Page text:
He admitted that it is hard to recruit players because of all of the many universities in the Hickory State that have renown basketball programs while the University of Tennessee is only a two-hour drive to the east. Asheville is also a lot harder to get to than most other North Carolina cities. “Just having played here in New York City will help,” McDevitt said with a broad smile.
Longtime Mets shortstop Ruben Tejada signed with the St. Louis Cardinals after being placed on waivers last week. It’s not a surprise that Mets general manager Sandy Alderson was not a Tejada fan but he should have at least been able to get back some talent from the Cards in a trade. The Mets got nothing except for minor salary relief.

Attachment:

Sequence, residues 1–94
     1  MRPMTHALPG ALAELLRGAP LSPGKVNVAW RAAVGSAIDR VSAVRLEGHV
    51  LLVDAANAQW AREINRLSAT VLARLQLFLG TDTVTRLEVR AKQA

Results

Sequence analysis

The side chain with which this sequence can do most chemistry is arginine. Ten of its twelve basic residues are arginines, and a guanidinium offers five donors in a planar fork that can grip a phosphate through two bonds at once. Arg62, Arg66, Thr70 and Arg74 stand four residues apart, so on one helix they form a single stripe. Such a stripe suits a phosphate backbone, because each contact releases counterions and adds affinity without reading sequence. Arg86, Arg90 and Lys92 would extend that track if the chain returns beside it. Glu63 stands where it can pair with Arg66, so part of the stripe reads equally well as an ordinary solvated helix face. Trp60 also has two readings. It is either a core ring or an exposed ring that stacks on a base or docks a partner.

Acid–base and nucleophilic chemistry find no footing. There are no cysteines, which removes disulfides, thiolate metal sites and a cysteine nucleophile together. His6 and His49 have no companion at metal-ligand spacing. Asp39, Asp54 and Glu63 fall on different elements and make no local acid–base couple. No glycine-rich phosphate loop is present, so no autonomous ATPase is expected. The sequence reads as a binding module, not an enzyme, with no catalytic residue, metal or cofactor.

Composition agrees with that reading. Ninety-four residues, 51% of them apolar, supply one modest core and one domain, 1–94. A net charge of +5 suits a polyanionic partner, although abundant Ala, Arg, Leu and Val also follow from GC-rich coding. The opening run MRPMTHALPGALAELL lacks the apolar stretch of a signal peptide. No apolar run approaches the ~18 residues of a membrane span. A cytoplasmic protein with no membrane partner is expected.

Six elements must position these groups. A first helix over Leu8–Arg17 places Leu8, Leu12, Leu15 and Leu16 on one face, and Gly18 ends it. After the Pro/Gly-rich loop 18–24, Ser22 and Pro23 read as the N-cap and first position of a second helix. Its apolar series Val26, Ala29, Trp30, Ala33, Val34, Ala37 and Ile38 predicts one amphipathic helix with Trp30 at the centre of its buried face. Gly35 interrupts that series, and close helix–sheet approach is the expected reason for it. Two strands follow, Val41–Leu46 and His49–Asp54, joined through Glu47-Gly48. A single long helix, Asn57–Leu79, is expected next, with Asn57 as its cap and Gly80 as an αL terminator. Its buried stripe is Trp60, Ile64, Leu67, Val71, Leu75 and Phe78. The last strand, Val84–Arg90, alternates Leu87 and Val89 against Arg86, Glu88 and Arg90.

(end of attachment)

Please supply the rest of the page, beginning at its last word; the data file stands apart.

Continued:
CBS chief executive office Leslie Moonves announced to a meeting of investors last week that the company will sell its radio operations. CBS Radio is still profitable but revenues have been slowing.
WFAN has always been one of CBS Radio’s jewel properties. Its longtime afternoon drive time air personality, Mike Francesa, has long bellowed that he will leave the station when his contract expires next year. He has threatened to leave before but he may be telling the truth this time. The odds are that a new corporate owner will not be as generous when it comes to compensation for talent, even if they’re household names.
The poor man’s Final Four, the National Invitational Tournament, takes place at Madison Square Garden starting next Tuesday.